Saturday, 16 July 2016

Fake phobias II

The most glaringly obvious fake phobia must be Islamophobia.

Dislike of or prejudice against Islam or Muslims, especially as a political force.

So islamophobia is not a phobia. Which we knew anyway. 

An extreme or irrational fear of or aversion to something:she suffered from a phobia about birds

DiploMad has a good post on Islamophobia and I don’t have much to add apart from suggesting the possibility that Islam will eventually be hollowed out by consumer society and global political trends.

As for the present, accepting that Islam may be a problem for secular democracies appears to be the first hurdle for any worthwhile discussion. The term Islamophobia seems designed to raise that first hurdle as high as possible. It also seems designed to allow the establishment to use hate speech without appearing to do so - but that is another issue.

Yet viewing Islam with a strong dose of political caution is reasonable if one lives in a modern democracy. One could easily go further and suggest than in those circumstances, not adopting a frankly negative political view of Islam is unwise. The meek shall not inherit the earth.

In which case, opposition to Islam is no more a phobia than opposition to socialism, capitalism, communism, fascism or any other politically significant movement - and Islam is politically significant. Expressing opposition to political situations used to be called debate and used to be considered healthy - which of course it would be in a healthy democratic culture.

Sadly we are losing that healthy robustness, that freedom to say what we mean. We have become politically enfeebled and as far as Islam is concerned, afraid to use words such as ‘primitive’. Yet Islam seems politically primitive to those of us who value modern democratic freedoms, warts and all. Exercising the right to say so is not a phobia.


James Higham said...

Now we just have to say that each time someone accuses us of it.

Sam Vega said...

Not just politically primitive, either. I ought to get round to reading the Quran, but then again I keep saying that about the Bible. Here's Schopenhauer engaging in a brief course in comparative religions:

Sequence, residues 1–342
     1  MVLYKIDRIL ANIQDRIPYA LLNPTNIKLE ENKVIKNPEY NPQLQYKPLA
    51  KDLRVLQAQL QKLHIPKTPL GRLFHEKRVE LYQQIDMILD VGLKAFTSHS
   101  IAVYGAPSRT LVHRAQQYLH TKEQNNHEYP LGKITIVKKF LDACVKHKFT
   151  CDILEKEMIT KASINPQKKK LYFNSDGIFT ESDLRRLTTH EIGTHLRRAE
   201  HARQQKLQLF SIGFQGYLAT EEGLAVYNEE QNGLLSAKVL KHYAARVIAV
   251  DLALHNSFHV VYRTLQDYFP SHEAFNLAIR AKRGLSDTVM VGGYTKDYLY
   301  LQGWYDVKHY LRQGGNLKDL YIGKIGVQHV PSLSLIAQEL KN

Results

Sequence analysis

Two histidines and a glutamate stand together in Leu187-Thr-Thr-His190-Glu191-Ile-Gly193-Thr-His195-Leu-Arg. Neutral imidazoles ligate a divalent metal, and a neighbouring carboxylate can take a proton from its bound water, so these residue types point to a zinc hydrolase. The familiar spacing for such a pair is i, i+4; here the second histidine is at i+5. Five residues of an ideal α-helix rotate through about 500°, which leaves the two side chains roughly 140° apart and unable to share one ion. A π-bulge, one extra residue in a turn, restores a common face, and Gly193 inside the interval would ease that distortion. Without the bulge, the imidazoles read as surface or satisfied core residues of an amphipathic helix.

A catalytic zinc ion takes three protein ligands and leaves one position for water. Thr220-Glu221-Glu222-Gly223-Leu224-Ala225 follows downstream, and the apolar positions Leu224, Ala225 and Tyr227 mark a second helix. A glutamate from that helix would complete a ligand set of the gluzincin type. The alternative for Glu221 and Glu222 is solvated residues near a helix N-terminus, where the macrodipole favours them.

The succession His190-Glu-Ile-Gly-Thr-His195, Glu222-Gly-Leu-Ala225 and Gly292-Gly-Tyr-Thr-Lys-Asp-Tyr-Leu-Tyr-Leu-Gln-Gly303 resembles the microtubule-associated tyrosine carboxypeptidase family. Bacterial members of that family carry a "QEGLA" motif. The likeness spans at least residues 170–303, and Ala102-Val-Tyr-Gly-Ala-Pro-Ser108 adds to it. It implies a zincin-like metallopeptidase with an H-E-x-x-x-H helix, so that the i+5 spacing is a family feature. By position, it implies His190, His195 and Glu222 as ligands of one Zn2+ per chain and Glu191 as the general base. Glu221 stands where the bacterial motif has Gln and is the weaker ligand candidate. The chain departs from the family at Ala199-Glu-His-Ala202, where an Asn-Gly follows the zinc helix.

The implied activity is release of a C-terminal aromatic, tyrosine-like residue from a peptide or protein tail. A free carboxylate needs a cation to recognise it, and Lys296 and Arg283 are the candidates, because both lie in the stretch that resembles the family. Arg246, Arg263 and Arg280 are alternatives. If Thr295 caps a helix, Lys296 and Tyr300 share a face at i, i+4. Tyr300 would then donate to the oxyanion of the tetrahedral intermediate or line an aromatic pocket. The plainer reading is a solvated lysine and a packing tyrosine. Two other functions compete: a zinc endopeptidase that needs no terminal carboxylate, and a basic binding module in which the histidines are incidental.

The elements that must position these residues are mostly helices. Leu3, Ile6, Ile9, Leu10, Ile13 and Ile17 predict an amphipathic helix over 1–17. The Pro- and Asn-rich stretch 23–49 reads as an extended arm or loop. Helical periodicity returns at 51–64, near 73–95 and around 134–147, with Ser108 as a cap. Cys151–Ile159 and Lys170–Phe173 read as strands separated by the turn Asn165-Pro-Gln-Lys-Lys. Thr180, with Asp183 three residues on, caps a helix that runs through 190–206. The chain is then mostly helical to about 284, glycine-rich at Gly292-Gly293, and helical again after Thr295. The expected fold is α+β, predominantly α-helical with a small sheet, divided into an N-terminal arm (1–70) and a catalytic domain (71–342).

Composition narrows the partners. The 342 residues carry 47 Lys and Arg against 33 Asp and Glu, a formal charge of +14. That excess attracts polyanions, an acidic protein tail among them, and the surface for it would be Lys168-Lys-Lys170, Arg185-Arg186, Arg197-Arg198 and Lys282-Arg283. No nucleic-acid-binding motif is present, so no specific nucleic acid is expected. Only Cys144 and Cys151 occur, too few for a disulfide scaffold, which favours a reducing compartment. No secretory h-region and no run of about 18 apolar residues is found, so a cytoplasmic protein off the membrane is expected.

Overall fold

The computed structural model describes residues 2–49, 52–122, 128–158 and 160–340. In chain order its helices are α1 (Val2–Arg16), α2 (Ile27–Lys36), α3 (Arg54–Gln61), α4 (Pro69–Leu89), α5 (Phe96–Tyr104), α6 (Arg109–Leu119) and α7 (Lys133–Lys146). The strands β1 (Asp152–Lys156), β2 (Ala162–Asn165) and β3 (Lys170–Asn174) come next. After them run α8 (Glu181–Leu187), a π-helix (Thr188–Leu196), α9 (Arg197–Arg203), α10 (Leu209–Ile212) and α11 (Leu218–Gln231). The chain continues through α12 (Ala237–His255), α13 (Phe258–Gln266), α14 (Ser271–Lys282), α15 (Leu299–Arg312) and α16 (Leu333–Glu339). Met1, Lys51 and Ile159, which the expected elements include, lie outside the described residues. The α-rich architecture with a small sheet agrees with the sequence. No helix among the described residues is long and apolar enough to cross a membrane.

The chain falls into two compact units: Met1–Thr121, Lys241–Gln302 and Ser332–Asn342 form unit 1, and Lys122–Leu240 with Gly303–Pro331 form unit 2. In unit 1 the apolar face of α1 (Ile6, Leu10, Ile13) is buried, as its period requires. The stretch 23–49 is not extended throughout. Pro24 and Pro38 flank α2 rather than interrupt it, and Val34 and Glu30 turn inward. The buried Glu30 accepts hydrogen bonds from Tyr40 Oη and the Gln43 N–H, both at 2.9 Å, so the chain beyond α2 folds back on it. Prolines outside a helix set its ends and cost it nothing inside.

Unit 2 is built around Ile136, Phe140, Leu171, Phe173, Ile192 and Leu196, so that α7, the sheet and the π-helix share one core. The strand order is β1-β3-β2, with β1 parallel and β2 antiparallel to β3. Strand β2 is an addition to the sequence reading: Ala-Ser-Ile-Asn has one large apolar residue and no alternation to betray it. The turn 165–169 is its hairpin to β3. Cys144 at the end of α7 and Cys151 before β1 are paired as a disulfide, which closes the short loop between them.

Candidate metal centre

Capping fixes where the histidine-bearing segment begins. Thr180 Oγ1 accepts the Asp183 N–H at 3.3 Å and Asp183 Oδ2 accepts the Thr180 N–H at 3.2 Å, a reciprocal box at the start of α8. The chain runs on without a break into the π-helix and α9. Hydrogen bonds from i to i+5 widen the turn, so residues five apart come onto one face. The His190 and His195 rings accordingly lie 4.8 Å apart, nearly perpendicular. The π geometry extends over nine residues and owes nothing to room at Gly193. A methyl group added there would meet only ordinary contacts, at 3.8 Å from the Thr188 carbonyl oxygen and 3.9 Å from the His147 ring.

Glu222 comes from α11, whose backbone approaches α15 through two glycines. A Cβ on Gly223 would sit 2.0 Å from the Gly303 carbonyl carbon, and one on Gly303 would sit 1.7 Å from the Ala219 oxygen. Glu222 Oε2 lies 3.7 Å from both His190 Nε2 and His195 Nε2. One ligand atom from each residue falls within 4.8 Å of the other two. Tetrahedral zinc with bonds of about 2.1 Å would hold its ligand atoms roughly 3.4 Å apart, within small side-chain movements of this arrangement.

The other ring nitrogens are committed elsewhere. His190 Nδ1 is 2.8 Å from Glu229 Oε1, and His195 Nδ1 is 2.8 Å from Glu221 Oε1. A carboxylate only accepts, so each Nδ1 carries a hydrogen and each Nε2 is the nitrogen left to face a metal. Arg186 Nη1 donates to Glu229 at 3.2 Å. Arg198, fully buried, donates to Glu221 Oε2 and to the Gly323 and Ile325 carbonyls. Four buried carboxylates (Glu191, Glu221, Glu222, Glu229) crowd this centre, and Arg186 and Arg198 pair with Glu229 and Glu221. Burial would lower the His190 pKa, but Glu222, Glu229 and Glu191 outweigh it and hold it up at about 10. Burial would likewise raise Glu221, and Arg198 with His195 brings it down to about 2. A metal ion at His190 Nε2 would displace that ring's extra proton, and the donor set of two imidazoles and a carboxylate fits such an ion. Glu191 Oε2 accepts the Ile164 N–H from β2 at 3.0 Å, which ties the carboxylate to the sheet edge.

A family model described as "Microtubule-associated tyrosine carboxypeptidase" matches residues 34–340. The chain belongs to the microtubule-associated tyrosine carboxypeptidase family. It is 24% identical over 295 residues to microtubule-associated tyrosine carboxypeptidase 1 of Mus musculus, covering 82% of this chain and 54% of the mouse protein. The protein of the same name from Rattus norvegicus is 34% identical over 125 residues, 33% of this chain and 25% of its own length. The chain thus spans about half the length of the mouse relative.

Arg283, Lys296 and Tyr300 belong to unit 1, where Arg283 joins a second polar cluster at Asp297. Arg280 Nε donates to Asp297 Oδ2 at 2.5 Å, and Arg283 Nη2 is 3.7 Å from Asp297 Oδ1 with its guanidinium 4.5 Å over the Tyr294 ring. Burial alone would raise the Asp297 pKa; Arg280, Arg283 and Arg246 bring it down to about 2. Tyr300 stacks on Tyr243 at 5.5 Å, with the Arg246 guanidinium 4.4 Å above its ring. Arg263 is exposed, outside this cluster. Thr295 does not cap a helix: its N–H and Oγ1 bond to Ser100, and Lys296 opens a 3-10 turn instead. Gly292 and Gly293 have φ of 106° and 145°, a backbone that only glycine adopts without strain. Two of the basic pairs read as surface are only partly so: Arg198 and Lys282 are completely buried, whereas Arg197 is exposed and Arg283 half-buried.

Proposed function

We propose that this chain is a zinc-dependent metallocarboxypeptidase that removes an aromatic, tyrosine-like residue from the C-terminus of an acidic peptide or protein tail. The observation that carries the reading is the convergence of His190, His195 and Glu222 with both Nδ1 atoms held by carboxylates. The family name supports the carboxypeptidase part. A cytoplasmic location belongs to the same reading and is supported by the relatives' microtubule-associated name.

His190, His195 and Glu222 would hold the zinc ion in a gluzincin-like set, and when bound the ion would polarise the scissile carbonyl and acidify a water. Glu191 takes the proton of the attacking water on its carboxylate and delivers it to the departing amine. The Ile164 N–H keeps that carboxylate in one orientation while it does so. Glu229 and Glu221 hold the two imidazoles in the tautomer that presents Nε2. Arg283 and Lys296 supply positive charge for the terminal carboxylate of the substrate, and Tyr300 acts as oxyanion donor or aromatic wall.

Temples and churches, pagodas and mosques, in all countries and ages, in their splendour and spaciousness, testify to man's need for metaphysics, a need strong and ineradicable, which follows close on the physical. The man of a satirical frame of mind could of course add that this need for metaphysics is a modest fellow content with meagre fare. Sometimes it lets itself be satisfied with clumsy fables and absurd fairy-tales. If only they are imprinted early enough, they are for man adequate explanations of his existence and supports for his morality.

Consider the Koran, for example; this wretched book was sufficient to start a world-religion, to satisfy the metaphysical need for countless millions for twelve hundred years, to become the basis of their morality and of a remarkable contempt for death, and also to inspire them to bloody wars and the most extensive conquests. In this book we find the saddest and poorest form of theism. Much may be lost in translation, but I have not been able to discover in it one single idea of value. Such things show that the capacity for metaphysics does not go hand in hand with the need for it . . . .

Demetrius said...

Once one might say, "I don't like..." or "I am not sure about...". Nowadays it is simpler and easier to say "I have a phobia.....".

A K Haart said...

James - a sneer is as much as they deserve.

Sam - I ought to get round to reading the Quran too. I downloaded a sample onto my Kindle but didn't pursue it. The trouble is I already know I'll agree with Schopenhauer and I've no wish to become a Quran critic. Life is too short.

Demetrius - and that is an important point, the term becomes so debased it ceases to mean anything worthwhile.